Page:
Explain work in terms of the relationship among the applied force to an object, the resulting displacement of the object and the energy transferred to an object. (Grades 9  12) More Details
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Introduction/Motivation
In the previous lesson (Discovering Friction) and its associated activity (Sliding and Stuttering), students found that friction is a force that impedes motion, and that static friction is greater than kinetic friction. They also found that surface roughness can be an important source of friction, but their experiments should have revealed that a lot of friction could also occur between two very smooth surfaces. The discussion following their experiments should also have raised questions about the roles of weight and contact area in the amount of friction that occurs between two surfaces.To introduce this lesson, remind students of these observations and questions from the previous lesson.
Then, ask them to meet in their groups and formulate two hypotheses. The first hypothesis should state what they think the effect of adding weight to the cup will have as it slides across a surface. Example of such hypotheses might be, "When more weight is added to the cup, more friction will be measured when we slide it across the table," or "Weight will not affect the friction measured." Ask students also to write the reasoning behind their hypotheses. For the first example, students might say, "We think we will measure more friction because the extra weight will make the cup press down on the surface more, so more of the tiny surface bumps will be in contact." For the second example, students might argue that, "Weight will not affect the amount of friction because the same amount of surface on the bottom of the cup will be in contact with the table's surface. We think that to get more friction, more surface area must be in contact."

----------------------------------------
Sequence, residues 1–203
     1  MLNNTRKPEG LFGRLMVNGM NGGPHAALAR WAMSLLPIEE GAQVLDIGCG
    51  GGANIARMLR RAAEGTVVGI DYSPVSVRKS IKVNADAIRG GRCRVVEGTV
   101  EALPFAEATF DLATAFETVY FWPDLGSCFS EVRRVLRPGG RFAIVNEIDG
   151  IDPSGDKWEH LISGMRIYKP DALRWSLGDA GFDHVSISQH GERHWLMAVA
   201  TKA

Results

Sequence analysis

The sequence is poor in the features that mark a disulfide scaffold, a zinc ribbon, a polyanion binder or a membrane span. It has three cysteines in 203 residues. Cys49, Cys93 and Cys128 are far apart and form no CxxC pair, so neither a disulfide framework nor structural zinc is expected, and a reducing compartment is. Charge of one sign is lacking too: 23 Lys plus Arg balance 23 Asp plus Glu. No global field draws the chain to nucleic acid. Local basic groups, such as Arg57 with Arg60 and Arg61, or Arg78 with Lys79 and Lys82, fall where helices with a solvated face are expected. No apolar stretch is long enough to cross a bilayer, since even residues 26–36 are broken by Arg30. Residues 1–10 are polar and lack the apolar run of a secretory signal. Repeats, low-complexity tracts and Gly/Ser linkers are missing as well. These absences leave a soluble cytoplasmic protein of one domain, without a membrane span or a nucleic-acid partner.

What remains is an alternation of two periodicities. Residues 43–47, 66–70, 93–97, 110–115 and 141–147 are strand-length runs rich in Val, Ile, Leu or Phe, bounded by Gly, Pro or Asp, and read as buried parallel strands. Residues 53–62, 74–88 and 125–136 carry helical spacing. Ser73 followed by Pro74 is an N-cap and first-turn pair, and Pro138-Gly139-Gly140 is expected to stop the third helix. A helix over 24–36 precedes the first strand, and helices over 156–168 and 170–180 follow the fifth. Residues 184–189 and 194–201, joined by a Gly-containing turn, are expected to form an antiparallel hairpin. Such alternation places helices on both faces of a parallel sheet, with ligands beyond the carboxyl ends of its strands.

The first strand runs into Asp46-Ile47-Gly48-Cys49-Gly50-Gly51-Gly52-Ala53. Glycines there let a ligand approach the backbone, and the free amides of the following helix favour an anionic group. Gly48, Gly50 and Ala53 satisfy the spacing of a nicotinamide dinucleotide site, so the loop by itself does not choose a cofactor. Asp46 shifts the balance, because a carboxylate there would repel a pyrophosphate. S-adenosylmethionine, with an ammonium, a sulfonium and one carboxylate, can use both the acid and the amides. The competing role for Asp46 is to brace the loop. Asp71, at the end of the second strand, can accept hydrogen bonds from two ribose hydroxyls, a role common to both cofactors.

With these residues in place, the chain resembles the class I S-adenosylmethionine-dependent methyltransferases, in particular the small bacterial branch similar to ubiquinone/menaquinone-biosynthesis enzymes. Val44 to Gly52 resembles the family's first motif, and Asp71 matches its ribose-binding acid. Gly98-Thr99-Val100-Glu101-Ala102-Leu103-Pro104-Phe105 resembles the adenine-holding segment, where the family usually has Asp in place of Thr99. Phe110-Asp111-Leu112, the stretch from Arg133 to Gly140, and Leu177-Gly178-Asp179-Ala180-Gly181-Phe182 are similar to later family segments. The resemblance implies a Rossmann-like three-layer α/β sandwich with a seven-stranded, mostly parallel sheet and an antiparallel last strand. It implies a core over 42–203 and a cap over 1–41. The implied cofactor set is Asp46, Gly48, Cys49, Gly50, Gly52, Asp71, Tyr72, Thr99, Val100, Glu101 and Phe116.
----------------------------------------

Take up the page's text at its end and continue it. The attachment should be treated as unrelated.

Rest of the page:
The second hypothesis each group should make concerns the effect of contact area on the friction measured. Students will probably suggest that, "The more surface area in contact, the more friction we will measure." Their reasoning will most likely be along the lines of, "The more surface area in contact, the more tiny bumps there are to get in each other's way between the two surfaces." Or, if they are familiar with the notion of friction due to molecular attraction, they might also argue that, "The more surface area that is in contact, the more places that exist for molecules of the two surfaces to be attracted to each other."
At this point, you need not discuss their hypotheses or their reasoning. However, do check to see that the explanations they give for their hypotheses are reasonably complete.
Once groups have formulated their hypotheses and explained their reasoning (in writing), let them know that they will be able to test their hypotheses using the same basic method they used in the previous lesson.
Lesson Background and Concepts for Teachers